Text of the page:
Interesting that you say that, because that's not normal
for a 3-phase motor. That says the motor is intended to
be driven by a solid-state inverter, and thus it is probably
intended to drive some sort of carriage that needs to be
positioned and/or moved in a precise fashion.
You might try searching ABB's site for the motor. That
might give you some insights into it's possible purpose
(or resale value).
Maybe I missed something, but speed controlling a 3 phase motor with a
variable frequency source is dead nut easy. It doesn't take a special
motor. Most decent motors can handle from about 1/2 speed to double speed
without any major issues. The big 5HP LeLand on my Hurco mill runs from 3hz
(96 RPM) to 120hz (3600 RPM). The only issue with most 3phase motors is
loss of torque and cooling capacity at extremely low speeds, and possible
bearing failure at excessive speeds. The Leland on my mill deals with
cooling by having a second uncontrolled motor driving the fan instead if
having a shaft mounted fan.
There are 3ph motors rated as "inverter duty" but any old 3ph motor can be
speed controlled with a VFD.
Since none of us probably has or uses a "Gibon Saw" and your have not
indicated which Giben Saw, it is likely you are not going to get a
BUT looking at the Giben site they build enormous sized cutting
machines, some are plasma cutters. It appears that belts drive the
stock but this also could be a motor to move the cutter carriage along a
I would probably get a correct answer, from someone who used a similar
Unfortunately, I have never seen the whole saw assembled.
I obtained a pile of disassembled frames from that saw, for scrap
metal. Those frames and assemblies, contained four motors like the
above pictured one. I was told that they are for a Giben saw, however
I have not been able to find out what they are called. They looks like
usable components and I hope to be able to sell them.
On Sunday, March 22, 2015 at 9:21:30 AM UTC-5, Ignoramus16807 wrote:
Well, hell! Most guys here do not have, or are part & party to, super-dupe
r industrial woodworking tools and machinery, as the large factories are.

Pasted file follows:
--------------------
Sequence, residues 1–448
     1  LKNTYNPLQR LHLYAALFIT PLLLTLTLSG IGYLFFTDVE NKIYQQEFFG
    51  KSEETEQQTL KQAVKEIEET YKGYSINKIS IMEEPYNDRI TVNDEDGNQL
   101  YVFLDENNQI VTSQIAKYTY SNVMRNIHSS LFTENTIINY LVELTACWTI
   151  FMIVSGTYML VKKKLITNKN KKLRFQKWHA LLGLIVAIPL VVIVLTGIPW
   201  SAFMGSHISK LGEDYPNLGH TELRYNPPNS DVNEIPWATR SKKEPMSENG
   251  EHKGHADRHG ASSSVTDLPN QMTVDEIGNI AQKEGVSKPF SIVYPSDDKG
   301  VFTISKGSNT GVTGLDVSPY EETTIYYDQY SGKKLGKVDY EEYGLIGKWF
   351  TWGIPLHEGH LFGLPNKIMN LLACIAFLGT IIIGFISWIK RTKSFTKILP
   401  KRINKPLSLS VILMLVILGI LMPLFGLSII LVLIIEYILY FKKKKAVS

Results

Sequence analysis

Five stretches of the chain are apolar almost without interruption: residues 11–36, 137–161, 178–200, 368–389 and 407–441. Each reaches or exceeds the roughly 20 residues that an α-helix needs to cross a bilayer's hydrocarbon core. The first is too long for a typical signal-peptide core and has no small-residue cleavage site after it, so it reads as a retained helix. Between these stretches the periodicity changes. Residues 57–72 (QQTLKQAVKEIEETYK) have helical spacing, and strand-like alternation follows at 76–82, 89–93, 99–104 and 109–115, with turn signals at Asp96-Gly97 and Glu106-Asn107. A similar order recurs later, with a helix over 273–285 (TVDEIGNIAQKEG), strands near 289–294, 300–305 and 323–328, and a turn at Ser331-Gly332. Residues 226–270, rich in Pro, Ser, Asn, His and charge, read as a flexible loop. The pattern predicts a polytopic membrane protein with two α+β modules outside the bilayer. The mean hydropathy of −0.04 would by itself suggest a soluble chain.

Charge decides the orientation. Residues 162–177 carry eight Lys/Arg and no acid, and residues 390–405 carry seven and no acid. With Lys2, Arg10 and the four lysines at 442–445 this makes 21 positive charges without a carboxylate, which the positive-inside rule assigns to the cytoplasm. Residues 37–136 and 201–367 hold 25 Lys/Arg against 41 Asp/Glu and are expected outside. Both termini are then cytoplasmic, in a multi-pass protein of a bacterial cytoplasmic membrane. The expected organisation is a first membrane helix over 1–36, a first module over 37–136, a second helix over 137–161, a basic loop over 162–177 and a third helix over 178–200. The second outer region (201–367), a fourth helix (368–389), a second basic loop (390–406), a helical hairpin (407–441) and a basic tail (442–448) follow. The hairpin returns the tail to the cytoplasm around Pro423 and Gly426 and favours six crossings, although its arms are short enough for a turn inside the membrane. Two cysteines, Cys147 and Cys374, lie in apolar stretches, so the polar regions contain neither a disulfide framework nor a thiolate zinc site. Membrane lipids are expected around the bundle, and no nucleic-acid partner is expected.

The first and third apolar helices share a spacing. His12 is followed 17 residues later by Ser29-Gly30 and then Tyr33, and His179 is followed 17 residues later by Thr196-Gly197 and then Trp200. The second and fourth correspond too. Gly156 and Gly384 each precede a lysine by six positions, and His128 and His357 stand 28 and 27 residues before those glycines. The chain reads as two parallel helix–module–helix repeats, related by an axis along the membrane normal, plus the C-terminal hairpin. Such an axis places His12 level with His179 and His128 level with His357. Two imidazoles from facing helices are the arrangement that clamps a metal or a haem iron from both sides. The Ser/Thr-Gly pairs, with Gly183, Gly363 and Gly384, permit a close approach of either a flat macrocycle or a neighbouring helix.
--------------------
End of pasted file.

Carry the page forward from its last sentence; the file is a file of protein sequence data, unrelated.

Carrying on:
Giben makes huge industrial tools, not your typical hobbyist or contractor
You haven't even told us what kind of saw are you speaking of. Giben make
s a variety of saws. Your item may not even be a Giben product, but a thir
d party product, used in conjunction with a Giben product.
You seem to blindly expect someone, here, to give you what you want, when y
ou want, how you want, etc., at the drop of a hat. If you have such a ind
ustrial saw, as a Giben, then you should know what arena of expertise you s
hould be searching among. If you have such a industrial saw, your first i
nquery should be of/to Giben, themselves, for such a specialized accessory.
Wasting your time! You probably wasted your time acquiring the saw (and ac
cessory), in the first place.
Oh, I'm sure _somebody_ does, sure...but not that's reading "the wrec",
not likely at all
Yeah, retty much the latter, iggy; there's no one in this group
regularly who has this kind of manufacturing machinery.
I'd suggest, while it's a longshot they'll pay much attention as you're
not a paying customer nor even a prospect, trying to pick up the phone
and see if can get somebody there to try to identify pieces-parts...
I was thinking of Giben, not the source for the parts.
Clearly they are feed rollers but from which particular machine or of
what vintage I'd have no way of knowing.
Hopefully there's some sort of manufacturing info/part numbers on them
that could help identify them specifically. And, of course, if there is
somebody still at the facility that knows what the machine actually was,
that's a start obviously (not that you didn't know that :) ). Even if
they know its function but not the model it couldn't hurt...
I spent some significant time while in VA years ago at various furniture
manufacturing facilities including the (then) nearly new Lane factory in
Alta Vista but there was nothing even approaching these machines in any
of those plants. Perhaps had they been thinking along these production
lines some of them might have survived, but the product wouldn't have
been what was seen as acceptable at the time; there were virtually no
panel goods in any of the pieces back then.
I cant wait to hear the answer. I at first thought power feeder until I
looked at the machinery they manufacture/sell. They mostly use wide or
multiple belts to deliver the material. I'm now thinking this drives
the cutter back and forth along a rail system/gantry above the material
HomeOwnersHub.com is a website for homeowners and building and maintenance pros. It is not affiliated with any of the manufacturers or service providers discussed here.
All logos and trade names are the property of their respective owners.